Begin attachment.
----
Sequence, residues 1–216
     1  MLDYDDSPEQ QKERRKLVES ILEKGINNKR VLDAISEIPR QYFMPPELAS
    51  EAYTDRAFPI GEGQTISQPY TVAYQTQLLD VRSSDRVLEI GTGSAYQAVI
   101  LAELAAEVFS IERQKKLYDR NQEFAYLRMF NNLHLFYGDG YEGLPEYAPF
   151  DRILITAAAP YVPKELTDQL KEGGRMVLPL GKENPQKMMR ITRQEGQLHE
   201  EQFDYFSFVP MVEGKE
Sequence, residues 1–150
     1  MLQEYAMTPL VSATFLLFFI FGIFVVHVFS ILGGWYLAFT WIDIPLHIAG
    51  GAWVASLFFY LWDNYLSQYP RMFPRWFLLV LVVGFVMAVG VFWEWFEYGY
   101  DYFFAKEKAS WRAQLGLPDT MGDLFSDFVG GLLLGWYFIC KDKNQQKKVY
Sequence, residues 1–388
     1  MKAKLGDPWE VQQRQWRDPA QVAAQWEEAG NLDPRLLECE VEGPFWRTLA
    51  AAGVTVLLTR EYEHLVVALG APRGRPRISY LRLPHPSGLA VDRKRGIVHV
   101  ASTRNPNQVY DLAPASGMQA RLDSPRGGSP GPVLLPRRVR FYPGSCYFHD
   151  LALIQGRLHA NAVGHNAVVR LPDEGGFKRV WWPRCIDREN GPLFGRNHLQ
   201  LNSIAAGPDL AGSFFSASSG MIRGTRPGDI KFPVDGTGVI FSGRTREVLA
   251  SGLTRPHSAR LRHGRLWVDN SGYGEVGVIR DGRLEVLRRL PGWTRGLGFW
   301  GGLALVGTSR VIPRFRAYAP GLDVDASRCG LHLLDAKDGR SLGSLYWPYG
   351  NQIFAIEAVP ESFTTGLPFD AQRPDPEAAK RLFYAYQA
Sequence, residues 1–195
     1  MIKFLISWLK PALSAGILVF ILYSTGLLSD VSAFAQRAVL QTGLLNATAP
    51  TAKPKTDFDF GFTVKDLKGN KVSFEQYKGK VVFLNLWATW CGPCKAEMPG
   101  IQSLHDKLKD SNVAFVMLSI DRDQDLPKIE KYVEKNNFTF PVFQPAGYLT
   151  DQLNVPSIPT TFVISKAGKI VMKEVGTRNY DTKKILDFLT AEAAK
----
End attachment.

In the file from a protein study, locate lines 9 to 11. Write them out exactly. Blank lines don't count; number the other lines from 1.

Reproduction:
    51  GAWVASLFFY LWDNYLSQYP RMFPRWFLLV LVVGFVMAVG VFWEWFEYGY
   101  DYFFAKEKAS WRAQLGLPDT MGDLFSDFVG GLLLGWYFIC KDKNQQKKVY
Sequence, residues 1–388